Proposed law to protect personal privacy at work
The Swedish government has made a new legislative proposal on the protection of personal privacy in working life, with the help of a special commission set up to evaluate the current legislation. The proposal sets out mainly five stricter regulations on surveillance or control measures used by employers. The trade unions have in general reacted positively to the proposal, but the employer organisations are very critical of the content of the proposal.
Commission set up to examine existing legislation
The last time the Swedish government proposed new legislation on personal privacy at work was in 2002. At that time, the proposal was criticised to such an extent that it was discarded. Obscurities in the existing legislation and its interpretation, along with increased infringements of personal privacy in working life through greater control and surveillance of employees (for instance, by using video cameras or requesting medical tests) have prompted the government to assign a special commission the task of examining the legislation again. The commission comprised leading experts from the Swedish Labour Court (Arbetsdomstolen) and the Confederation of Swedish Enterprise (Svenskt Näringsliv), among others. At the beginning of May 2009, the commission submitted its proposal, Personal privacy in working life (75Kb PDF) (Integritetsskydd i arbetslivet, SOU 2009:44), to the Minister of Employment, Sven Otto Littorin. Subsequently, the proposal was referred to the social partners for consideration until 1 September 2009. In the meantime, the social partners have given their views on the legislative proposal, as well as participating in public debates and recent workshops on the matter.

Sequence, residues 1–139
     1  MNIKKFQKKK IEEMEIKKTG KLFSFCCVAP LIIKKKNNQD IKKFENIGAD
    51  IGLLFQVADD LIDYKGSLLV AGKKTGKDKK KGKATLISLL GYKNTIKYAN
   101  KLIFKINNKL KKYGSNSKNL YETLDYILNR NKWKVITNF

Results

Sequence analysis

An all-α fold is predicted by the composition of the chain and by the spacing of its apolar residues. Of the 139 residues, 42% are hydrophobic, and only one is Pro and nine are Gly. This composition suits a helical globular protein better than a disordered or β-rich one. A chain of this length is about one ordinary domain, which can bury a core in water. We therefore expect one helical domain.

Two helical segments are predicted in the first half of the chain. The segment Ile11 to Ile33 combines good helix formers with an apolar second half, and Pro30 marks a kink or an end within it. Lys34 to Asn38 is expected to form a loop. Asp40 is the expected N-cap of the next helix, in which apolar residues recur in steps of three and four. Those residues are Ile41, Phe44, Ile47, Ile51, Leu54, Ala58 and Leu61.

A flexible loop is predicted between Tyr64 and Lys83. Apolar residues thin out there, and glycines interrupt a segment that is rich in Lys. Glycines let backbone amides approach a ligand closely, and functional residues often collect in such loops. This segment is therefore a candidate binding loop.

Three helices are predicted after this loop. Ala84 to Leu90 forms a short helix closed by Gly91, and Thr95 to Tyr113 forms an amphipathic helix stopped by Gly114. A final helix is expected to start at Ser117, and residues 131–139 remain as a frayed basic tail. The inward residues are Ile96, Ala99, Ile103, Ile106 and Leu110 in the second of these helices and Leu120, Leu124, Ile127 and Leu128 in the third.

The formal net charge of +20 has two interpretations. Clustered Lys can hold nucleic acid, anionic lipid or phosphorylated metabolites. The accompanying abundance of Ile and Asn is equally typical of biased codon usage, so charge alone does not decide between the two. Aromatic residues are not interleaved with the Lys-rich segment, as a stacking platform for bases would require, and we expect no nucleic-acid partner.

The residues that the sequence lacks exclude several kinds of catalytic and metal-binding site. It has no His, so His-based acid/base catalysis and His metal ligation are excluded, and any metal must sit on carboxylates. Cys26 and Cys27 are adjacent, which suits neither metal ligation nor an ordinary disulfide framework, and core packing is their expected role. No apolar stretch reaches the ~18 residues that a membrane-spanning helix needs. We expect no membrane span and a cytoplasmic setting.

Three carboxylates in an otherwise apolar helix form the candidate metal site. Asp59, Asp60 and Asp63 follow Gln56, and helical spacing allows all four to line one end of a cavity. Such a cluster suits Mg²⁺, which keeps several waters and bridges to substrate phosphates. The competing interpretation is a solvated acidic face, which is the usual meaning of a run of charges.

The government, social partners and the Labour Court agree that the existing regulatory framework on protection of personal privacy of workers in the workplace is unclear and difficult to understand. However, they disagree on the content of the new proposal.
Content of proposal
The legislative proposal consists mainly of five new measures or amendments:
- three changes in the Personal Data Act 1998:204; the act is based on Council Directive 95/46/EC which aims to prevent the violation of personal integrity in the processing of personal data and on the free movement of such data;
- prohibiting employers from obtaining certain data extracts on employees from criminal records, the National Social Insurance Agency (Försäkringskassan), the Swedish Enforcement Authority (Kronofogdemyndigheten) or credit reporting bureaus;
- stricter regulation of employers’ ability to request employees to undergo a medical examination;
- prohibiting privacy-invading measures such as conducting surveillance or background checks that constitutes a manifest infringement on an employee’s personal privacy (such as IQ tests, wiretapping telephone calls, searching lockers, analogue camera surveillance in toilet areas), unless the measure was taken for an authorised purpose;